By the 1940s they had captured a few Florida panthers, and soon were breeding. At least twice in the 1950s and 1960s, Everglades National Park officials worried they didn't have enough panthers. At their request, the Pipers turned some of the captive-bred cats loose there to replenish the wild supply.
Hollywood steered more customers their way after their bear, Tom, played the role of the wily Old Slewfoot in the Gregory Peck movie The Yearling. They ran national ads that helped put Bonita Springs on the map, David Piper said.
But Bill Piper began spending more time tending to his cattle ranch, leaving short-tempered Lester in charge. His way was the only way, said LeBuff, who worked there in the early '50s.
"The day I quit," LeBuff said, "I thought sure I was going in the crocodile pit."
Still, it was a magical place for a boy to grow up, David Piper said. "My grandfather taught every child how to handle each kind of animal," he said, recalling how he bottle-fed otters from the time he could walk.
But big changes were coming. In 1971, Walt Disney turned a Central Florida swamp into a Magic Kingdom. Soon a cartoon mouse trumped all of Piper's animals at pulling in tourists. Six years later, Interstate 75 opened a link that steered most of the traffic away from U.S. 41.
The stars died off, even Big Joe. He's now stuffed and on display in a glass case like Lenin.
In 1986, the Humane Society of the United States blasted Everglades Wonder Gardens as a "freak show," rating it among the worst captive-wildlife attractions in the nation.
Still, the place hung on. Lester Piper's son took over, then his grandson. David Piper estimated about 50,000 people still visit each year.
The gardens' antiquity is the key to its charm. Modern zoos keep the animals at a distance. Everglades Wonder Gardens still lets visitors get within 3 feet of its bears. School groups walk through, ooohing and aahhing when they aren't squealing.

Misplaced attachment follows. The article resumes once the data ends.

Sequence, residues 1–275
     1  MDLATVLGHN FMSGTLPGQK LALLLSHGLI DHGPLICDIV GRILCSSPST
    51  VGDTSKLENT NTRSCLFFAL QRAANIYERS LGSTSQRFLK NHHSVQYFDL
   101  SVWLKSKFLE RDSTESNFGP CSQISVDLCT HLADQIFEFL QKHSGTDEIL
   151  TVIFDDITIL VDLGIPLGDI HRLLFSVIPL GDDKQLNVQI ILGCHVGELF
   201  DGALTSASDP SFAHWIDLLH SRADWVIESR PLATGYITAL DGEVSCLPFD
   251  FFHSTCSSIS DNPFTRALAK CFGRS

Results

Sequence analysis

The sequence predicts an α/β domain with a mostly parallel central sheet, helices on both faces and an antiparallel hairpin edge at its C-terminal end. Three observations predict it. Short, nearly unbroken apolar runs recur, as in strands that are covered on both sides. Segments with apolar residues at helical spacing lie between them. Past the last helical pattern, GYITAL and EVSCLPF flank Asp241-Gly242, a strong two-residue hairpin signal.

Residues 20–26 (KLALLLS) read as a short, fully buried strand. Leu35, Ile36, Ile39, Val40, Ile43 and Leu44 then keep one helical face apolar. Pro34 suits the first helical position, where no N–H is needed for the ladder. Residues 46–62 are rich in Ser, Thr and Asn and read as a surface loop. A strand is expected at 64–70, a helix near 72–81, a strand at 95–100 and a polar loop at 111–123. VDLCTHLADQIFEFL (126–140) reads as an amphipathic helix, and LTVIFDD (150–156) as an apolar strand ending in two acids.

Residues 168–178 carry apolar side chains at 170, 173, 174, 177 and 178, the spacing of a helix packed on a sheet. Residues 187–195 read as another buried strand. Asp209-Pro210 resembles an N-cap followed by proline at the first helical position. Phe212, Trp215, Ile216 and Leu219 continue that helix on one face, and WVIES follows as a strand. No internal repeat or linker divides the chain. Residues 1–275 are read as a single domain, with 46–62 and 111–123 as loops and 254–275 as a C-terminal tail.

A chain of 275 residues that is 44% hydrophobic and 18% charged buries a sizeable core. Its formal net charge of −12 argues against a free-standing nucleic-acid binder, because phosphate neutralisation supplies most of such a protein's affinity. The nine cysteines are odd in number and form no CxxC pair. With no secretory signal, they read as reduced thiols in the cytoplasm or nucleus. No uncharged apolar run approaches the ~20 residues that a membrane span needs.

Four years ago, at the height of Florida's real estate bubble, Piper turned down an offer of $8.5 million, saying he wouldn't sell his family's legacy. That was before his diagnosis. Back then, Lee County valued the land at $1.8 million, but now it's dropped to $1.3 million.
If he sells to someone who wants to shutter the attraction, he has already figured out where the animals will go. They'll be cared for, he said. But the future of the land remains a mystery.
One possibility, something Strader has been working on, involves the other part of the Piper legacy. During the Depression, the Piper brothers planted fruit trees all over their land. The trees are still there, sprouting everything from figs to starfruit.
Strader wants the community to raise money to convert the Wonder Gardens into a botanic garden — a place of peace and tranquility amid the city's pizza joints and laundromats.
That could work, said Hasty, the real estate agent. "I'm hopeful we can wind up preserving some of the beauty of it," he said. "I would love to see the flamingos remain there."
Times researcher Caryn Baird contributed to this report.